Severe water shortages and unreliable rains in Ngamiland District have immensely affected revenue generation in the tourism industry, as rivers have dried up, thereby halting tourism activities like boat cruises.
Water shortages have also compelled members of the public to collect water from nearby flood plains and risk attacks from dangerous wild animals. Areas that have been most affected include Ditshiping, Daunara, Xaxau all of which are in Bojanala ward on the south eastern tip of the Okavango Delta. On the western side of the delta lie the Boro and Xaxaba channels. People in these areas are subsistence farmers who survive by offering boat cruising services to tourists. Because the water has dried up, many of them have either downed their tools or moved to further water channels where some water still remains. Water is expected to flow into the delta from Angola in large volumes between the months of May and June.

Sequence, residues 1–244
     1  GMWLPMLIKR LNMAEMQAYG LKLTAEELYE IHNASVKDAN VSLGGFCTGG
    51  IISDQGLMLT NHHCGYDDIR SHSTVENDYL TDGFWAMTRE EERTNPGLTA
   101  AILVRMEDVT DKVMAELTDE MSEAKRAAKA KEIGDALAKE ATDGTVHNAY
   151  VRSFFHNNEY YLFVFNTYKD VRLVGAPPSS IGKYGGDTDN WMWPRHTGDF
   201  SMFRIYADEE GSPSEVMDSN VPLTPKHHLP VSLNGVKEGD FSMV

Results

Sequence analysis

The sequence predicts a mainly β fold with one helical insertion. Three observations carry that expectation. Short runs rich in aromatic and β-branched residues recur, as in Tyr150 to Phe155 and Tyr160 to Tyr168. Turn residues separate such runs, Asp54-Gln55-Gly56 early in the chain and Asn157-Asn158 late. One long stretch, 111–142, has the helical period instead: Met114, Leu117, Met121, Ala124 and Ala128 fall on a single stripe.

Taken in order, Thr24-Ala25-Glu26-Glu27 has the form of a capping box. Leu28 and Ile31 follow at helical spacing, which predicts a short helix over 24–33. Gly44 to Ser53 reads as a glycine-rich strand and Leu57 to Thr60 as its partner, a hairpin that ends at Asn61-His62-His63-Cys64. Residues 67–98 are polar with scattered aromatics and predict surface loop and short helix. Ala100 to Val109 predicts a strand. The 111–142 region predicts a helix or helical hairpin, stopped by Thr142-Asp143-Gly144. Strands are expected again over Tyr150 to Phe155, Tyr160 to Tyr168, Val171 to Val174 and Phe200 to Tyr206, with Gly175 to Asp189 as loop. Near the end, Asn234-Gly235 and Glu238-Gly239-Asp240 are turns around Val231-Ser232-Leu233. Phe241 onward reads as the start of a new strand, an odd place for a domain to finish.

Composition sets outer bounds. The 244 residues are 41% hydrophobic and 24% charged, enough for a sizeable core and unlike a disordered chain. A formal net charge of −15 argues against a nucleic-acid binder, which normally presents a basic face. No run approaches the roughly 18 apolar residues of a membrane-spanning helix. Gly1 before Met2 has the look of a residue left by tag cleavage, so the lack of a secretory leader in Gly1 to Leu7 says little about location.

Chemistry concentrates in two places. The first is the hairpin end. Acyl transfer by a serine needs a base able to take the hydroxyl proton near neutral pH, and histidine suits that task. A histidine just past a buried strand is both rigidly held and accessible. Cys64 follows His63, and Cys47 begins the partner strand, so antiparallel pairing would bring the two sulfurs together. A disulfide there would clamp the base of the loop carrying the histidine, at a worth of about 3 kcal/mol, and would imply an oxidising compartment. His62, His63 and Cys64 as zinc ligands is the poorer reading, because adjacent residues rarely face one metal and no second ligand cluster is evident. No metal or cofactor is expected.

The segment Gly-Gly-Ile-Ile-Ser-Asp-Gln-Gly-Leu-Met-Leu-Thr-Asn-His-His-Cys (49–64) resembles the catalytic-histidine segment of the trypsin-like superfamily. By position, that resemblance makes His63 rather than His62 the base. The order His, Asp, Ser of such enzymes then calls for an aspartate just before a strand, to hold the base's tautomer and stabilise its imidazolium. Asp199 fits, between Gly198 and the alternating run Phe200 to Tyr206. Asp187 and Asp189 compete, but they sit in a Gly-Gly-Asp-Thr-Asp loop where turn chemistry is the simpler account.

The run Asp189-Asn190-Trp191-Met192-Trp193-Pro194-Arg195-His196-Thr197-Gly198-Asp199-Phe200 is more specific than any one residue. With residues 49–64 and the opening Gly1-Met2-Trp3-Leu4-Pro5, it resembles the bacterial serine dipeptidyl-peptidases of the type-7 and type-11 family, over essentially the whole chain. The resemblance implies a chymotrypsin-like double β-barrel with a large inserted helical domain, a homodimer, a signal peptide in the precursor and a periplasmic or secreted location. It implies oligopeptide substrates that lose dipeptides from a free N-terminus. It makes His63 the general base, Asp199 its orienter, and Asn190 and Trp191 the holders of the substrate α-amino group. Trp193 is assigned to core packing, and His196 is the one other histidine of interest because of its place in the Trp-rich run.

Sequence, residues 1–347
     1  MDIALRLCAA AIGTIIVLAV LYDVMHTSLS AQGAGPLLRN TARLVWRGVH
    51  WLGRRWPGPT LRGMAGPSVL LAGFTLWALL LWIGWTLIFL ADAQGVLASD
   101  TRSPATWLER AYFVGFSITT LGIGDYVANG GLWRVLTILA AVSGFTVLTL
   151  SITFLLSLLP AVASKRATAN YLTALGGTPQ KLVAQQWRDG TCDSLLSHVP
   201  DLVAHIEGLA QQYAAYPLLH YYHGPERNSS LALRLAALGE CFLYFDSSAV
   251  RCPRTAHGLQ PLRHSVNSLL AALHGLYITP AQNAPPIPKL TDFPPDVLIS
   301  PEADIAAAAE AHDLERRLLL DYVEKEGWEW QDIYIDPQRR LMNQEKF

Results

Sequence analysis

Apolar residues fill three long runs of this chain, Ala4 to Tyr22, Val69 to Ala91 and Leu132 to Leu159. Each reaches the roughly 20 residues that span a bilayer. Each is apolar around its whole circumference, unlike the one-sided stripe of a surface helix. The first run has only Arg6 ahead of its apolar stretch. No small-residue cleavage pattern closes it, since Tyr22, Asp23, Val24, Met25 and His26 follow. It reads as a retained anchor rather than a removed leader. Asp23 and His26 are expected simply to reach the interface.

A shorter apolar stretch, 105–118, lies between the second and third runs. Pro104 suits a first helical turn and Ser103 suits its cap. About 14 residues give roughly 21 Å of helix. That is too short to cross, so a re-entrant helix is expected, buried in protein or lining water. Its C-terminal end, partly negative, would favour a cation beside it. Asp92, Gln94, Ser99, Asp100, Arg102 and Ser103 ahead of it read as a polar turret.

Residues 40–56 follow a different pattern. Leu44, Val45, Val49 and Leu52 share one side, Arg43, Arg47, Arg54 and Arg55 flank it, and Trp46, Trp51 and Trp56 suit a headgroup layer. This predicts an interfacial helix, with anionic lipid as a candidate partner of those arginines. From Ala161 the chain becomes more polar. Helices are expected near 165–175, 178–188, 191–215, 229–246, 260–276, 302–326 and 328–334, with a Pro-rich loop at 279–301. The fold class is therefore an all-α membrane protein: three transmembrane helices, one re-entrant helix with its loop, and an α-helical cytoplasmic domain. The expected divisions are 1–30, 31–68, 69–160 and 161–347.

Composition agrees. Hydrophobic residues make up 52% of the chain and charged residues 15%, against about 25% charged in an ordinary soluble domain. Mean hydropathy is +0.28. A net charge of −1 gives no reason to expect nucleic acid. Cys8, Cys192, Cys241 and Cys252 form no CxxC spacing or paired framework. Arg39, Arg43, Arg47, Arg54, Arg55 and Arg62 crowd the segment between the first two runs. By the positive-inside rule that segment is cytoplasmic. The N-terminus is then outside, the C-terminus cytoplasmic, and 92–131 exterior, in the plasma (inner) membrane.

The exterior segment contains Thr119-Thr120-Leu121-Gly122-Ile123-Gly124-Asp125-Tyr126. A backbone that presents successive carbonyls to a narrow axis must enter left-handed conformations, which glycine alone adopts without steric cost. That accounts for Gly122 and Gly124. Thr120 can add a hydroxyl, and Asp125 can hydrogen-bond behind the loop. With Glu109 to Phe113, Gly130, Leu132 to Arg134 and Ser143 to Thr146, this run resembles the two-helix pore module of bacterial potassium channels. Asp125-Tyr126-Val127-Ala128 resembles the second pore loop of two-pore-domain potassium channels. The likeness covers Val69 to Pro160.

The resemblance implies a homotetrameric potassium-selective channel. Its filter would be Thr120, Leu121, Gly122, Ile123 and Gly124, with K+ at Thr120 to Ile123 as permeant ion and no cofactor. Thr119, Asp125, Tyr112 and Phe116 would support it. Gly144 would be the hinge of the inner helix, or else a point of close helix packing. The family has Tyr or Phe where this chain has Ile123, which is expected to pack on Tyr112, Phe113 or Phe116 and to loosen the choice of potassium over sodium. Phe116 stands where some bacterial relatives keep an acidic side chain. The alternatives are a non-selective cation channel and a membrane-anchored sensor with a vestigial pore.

The desperate search for water has resulted in people from Xharaxau and Boro relocating to Xuxaga settlement nearer to Santantadibe channel, a feeder channel from the much bigger Nqoga channel. The Santatadibe has also received people from Ditshiping, Daunara and Xuxau. Councilor Luke Motlaleselelo of Bojanala ward said in an interview that the influx of people to water points has also led to conflicts amongst tour operators.
The Okavango Kopano Mokoro Community Trust office which operates in the area is also facing difficulties in evenly allocating oncoming tourists amongst the camping sites. Motlaleselelo added that the carrying capacity of people and tourists alike has also affected the sensitive environment on which they operate, as the places are now degraded since there is no chance of land rehabilitation.
“I must thank Belmond Safaris which operates Eagle Island Camp for bowsing domestic water to people at some of the affected areas. They have offered assistance to communities in many ways and have given out food rations to supplement what the council already offers”, he said.